Spain’s centuries-long witch hunt killed 700 women – in the region.
Estimates indicate that roughly 30,000–60,000 people were executed during this era of persecution with 80,000 people accused. I learned only recently that Puerto Rico the epicenter of the Spanish Inquisition, beginning in 1519 and extending through 1820 with hundreds of trials being conducted on the island.
One well documented, intriguing case that has been obscured is that of Paula de Eguiluz, who was born to enslaved African parents in Puerto Rico, in 1590. A respected healer and culandera, known for her herbal remedies and love spells, she had only been emancipated for two years, making her living as a washerwoman and spiritualist, before she was accused of witchcraft, and deported to Cartagena de Indias from Cuba.
Incredibly, she was tried for witchcraft three times!
How her story has not been made into a telenovela, best selling novel or Netflix series, I do know but I hope someone is out there picking up what I am laying down.
Her story is full of drama, sex and power.
You see Paula was incredibly connected, having been sexually exploited by her masters and carrying on affairs as a freedwoman. Extremely well dressed, she was said to possess nine skirts, seven bodies, six shirts, and four headscarves. All new and expensive, she owned (despite being in the balmy Caribbean tropics); heavy wool skirts lavishly dyed in blue, scarlet, dark green, and dark gold, damask skirts, dyed blue or yellow, decorated in silver, and luxurious bodices, blue with gold braiding, green and scarlet with silver buttons, and white and yellow with silver braiding.
She pushed back and fought a courageous battle, providing testimonies, during numerous hearings and lashings, where she defended herself as a healer while being demonized for her bold and elegant appearance, her sexuality (consensual or not), her infamous perceived powers of seduction, and her arsenal of incantations and potions.
In the end, after her third and final trial, according to most accounts she is accused, sentenced to the death penalty. Yet due to her political connections, more specifically being called to help an ailing bishop, it is said that a full decade later she was still practicing as a “repentant” healer.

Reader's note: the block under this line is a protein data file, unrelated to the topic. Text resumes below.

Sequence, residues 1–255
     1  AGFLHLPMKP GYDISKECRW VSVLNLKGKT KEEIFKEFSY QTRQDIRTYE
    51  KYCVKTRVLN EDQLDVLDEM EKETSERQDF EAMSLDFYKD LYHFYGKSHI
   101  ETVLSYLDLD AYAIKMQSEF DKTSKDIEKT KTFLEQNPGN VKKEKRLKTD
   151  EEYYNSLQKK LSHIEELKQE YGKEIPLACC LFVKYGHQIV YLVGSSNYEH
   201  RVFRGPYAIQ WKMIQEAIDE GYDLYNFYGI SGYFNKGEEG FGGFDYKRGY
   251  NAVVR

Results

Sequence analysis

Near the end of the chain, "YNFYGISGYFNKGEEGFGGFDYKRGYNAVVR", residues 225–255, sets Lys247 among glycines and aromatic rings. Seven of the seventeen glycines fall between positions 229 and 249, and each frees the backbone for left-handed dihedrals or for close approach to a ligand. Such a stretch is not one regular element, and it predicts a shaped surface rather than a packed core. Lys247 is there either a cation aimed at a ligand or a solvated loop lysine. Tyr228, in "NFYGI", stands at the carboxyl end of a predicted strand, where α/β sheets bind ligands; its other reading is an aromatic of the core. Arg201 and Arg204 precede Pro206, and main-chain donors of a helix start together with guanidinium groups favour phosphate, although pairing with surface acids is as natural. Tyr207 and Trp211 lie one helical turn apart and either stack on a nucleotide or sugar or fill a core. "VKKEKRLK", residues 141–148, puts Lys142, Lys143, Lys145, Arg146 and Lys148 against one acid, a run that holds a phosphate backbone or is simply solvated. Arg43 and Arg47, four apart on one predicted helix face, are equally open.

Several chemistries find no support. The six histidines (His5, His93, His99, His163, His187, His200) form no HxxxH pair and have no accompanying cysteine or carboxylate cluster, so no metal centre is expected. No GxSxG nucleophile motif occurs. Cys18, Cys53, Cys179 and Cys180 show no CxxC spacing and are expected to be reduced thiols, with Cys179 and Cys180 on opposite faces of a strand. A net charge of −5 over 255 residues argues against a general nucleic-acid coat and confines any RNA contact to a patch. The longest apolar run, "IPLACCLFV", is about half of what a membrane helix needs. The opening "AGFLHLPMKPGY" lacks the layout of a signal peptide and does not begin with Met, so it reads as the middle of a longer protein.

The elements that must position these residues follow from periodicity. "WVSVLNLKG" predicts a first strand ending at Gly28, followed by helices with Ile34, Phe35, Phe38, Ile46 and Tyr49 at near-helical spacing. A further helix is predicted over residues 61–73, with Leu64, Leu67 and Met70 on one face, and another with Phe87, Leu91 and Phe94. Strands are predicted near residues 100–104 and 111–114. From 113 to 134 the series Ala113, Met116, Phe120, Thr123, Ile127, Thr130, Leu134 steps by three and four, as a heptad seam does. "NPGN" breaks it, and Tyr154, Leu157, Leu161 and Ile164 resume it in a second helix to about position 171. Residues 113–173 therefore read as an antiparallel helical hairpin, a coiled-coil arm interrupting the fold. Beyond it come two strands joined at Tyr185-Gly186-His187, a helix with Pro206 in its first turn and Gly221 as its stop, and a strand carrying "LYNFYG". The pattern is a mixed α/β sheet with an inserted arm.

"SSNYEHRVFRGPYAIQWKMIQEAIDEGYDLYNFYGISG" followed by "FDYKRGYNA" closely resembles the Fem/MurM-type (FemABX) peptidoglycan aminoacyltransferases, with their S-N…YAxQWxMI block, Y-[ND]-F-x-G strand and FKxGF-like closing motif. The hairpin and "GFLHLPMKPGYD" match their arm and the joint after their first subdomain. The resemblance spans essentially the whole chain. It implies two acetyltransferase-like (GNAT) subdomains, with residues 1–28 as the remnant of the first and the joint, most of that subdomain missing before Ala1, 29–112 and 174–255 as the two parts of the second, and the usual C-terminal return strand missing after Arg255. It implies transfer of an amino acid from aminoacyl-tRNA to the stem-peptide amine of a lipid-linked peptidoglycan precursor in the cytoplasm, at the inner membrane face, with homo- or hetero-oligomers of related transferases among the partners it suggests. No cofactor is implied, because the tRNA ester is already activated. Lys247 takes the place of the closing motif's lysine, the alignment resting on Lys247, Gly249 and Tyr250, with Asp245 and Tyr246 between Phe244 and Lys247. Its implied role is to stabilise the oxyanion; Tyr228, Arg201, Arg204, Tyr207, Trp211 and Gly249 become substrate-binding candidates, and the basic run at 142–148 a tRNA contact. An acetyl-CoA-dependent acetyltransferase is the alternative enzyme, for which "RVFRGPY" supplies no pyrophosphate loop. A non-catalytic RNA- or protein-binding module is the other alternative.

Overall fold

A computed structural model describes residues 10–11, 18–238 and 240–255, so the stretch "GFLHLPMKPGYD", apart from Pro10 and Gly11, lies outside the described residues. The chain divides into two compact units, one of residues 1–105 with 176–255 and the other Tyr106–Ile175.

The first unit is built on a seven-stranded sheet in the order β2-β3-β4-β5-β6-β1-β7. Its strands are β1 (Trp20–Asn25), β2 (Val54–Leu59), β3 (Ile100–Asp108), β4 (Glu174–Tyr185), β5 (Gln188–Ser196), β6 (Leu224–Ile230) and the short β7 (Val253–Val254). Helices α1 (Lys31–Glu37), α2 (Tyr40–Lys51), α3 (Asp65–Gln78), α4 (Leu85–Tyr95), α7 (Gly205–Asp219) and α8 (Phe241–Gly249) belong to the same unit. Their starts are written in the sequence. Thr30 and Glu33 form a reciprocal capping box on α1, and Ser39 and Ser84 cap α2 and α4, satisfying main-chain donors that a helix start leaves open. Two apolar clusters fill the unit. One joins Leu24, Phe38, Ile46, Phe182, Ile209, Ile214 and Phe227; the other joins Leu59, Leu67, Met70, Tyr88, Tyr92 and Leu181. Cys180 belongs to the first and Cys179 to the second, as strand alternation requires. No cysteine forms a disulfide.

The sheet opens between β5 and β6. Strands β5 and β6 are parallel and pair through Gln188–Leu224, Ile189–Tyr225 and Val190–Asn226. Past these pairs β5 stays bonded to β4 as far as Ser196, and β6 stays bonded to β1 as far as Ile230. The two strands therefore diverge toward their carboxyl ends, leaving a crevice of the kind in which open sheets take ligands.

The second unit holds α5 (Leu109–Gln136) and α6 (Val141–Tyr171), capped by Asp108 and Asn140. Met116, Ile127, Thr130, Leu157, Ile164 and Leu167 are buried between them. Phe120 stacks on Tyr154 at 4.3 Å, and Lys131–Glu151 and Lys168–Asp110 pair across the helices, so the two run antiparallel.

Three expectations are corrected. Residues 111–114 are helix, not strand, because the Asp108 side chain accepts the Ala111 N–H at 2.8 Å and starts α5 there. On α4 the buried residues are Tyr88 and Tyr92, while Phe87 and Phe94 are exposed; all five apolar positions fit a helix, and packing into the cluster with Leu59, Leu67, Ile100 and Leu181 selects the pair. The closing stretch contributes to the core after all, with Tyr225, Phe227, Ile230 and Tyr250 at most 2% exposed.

The “witch hunt” it seems has always been about social control, suppressing power and state-sponsored ways to confiscate wealth, property and homogeneity
For further reading, see my curated list below:
- Block, Kristen. Ordinary Lives in the Early Caribbean: Religion, Colonial Competition, and the Politics of Profit. Athens : University of Georgia Press, 2012.
- Guengerich, Sara Vicuña. “The Witchcraft Trials of Paula Eguiluz, a Black Woman in Cartagena de Indias 1620-1636.” In Afro-Latino Voices: Narratives from the Early Modern Ibero-Atlantic World, 1550-1812, edited by Kathryn Joy McKnight and Leo J. Garofalo, 175-193. Indianapolis, Indiana: Hackett Publishing Company Inc., 2009.
- Landers, Jane. “The African Landscape of 17th Century Cartagena and its Hinterlands.” In The Black Urban Atlantic in the Age of the Slave Trade, edited by Jorge Cañizares-Esguerra, Matt D. Childs and James Sidbury, 147-162. Philadelphia, University of Pennsylvania Press, 2013.
- Olsen, Margaret M. Slavery and Salvation in Colonial Cartagena de Indias. Gainsville, FL: University Press of Florida, 2004.
- Von Germeten, N. (2020). Paula de Eguiluz, Seventeenth-Century Puerto Rico, Cuba, and New Granada (Colombia). In E. Ball, T. Seijas, & T. Snyder (Eds.), As If She Were Free: A Collective Biography of Women and Emancipation in the Americas (pp. 43-57). Cambridge: Cambridge University Press.
- Fernando Tarrida del Mármol, The Inquisition in Porto Rico
- Kathryn Joy McKnight (2016) Performing double-edged stories: the
three trials of Paula de Eguiluz, Colonial Latin American Review, 25:2, 154-174, DOI: